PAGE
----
History of Jazz Dance
The Jazz dance was originated from the African American vernacular dance of the late 1800s to the mid-1900s; the name was first heard during the First World War. In the seamy dance halls and brothels of the South and Midwest where the word Jazz usually referred to sexual intercourse. Some Southern blacks were carried from slavery a few decades before; they mixed European music with Afro modifications.
The birthplace of jazz has various origins: New Orleans, St. Louis, Memphis and Kansas City are just a few. But New Orleans was and still remainders a main jazz center. The ethnic rainbow of people who walked through bars and brothels were the most important factor in the expansion of jazz.
In the 1910s, an early popular "jazz dancer" was vaudeville star Joe Frisco. He danced in a loose-limbed style close to the ground while juggling his derby and cigar.
Until the middle of 1950s, the expression "jazz dance" frequently referred to tap dance, because tap dancing (set to jazz music) was the major performance dance of the era. During the later jazz age were developed different popular forms of jazz dance were the Cakewalk, Black Bottom, Charleston, Jitterbug, Boogie Woogie, Swing dancing and the related Lindy Hop.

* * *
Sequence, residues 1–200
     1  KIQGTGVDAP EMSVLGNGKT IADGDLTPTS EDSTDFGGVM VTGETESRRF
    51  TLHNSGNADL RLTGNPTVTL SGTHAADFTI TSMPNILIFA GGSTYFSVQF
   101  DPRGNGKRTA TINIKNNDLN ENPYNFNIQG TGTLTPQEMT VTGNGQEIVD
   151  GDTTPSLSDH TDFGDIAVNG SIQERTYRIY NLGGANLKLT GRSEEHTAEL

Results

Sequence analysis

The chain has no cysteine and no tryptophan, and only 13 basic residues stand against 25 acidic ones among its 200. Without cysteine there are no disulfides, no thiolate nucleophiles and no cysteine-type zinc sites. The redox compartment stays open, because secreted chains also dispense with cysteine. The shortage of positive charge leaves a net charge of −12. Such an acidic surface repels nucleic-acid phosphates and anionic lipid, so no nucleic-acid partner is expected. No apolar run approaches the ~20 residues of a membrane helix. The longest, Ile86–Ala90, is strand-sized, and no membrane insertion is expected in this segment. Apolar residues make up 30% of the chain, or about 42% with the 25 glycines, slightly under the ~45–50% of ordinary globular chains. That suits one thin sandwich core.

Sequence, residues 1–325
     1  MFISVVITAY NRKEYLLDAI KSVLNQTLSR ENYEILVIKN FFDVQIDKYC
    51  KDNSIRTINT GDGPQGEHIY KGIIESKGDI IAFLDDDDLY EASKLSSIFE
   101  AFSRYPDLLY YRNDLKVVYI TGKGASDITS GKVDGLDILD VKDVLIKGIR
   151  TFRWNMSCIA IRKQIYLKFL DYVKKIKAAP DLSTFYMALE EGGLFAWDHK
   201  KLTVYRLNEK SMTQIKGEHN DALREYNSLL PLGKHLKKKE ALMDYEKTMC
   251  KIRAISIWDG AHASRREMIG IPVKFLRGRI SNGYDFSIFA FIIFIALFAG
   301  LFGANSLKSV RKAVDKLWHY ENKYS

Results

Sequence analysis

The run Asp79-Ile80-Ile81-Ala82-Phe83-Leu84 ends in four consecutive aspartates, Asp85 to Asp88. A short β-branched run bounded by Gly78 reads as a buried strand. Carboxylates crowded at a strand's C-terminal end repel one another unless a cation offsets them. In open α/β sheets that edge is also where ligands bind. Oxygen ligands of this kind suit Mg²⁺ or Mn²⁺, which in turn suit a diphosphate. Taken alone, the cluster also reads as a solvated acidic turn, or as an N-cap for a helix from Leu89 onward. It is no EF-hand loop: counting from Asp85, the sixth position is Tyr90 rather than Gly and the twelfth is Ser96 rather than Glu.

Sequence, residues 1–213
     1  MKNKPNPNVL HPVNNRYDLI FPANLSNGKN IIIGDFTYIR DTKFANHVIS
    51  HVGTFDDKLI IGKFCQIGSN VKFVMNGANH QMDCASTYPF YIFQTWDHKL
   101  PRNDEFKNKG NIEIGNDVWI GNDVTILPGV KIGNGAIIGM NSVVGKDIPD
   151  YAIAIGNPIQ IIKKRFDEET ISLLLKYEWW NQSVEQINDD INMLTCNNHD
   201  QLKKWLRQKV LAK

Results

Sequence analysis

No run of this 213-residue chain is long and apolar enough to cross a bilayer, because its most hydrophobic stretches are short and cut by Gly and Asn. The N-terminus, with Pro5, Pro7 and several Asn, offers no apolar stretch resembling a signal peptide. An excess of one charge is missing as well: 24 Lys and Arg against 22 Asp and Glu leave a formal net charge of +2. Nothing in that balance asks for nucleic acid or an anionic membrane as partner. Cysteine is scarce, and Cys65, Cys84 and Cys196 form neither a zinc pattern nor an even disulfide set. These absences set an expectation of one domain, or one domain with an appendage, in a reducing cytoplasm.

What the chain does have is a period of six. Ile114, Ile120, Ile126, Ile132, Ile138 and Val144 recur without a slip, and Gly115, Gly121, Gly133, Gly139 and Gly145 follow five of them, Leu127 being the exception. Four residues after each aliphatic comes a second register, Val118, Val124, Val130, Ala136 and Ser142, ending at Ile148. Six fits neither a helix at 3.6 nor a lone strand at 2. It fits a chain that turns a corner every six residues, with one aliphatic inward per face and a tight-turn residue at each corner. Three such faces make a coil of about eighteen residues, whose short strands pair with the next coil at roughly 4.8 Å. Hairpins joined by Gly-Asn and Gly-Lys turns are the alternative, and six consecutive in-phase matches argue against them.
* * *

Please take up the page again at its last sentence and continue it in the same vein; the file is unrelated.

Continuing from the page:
Its presentation into show business, during exposure in films, on television, and on Broadway, guaranteed it a huge and continuing audience. The first jazz bands included a "rhythm section" consisting of a string bass, drums, and a guitar or banjo, and a "melodic section" with one or two cornets, a trombone, a clarinet, and occasionally even a violin. After, jazz was taken over by large orchestras; that contained fifteen or more musicians. Actually, there is a renewed attention in the "big band" era, even though the music has very little to do with real jazz.
Today, jazz dance is presented in different shows and different forms. Jazz dance flourish in dance schools and remains an important part of musical theater choreography; it is sometimes mixed with other dance styles as suitable for the particular show. Jazz dancing can be seen in some music videos, and even a number of Las Vegas showgirls are jazz dancers.
A brief history of some styles of dance: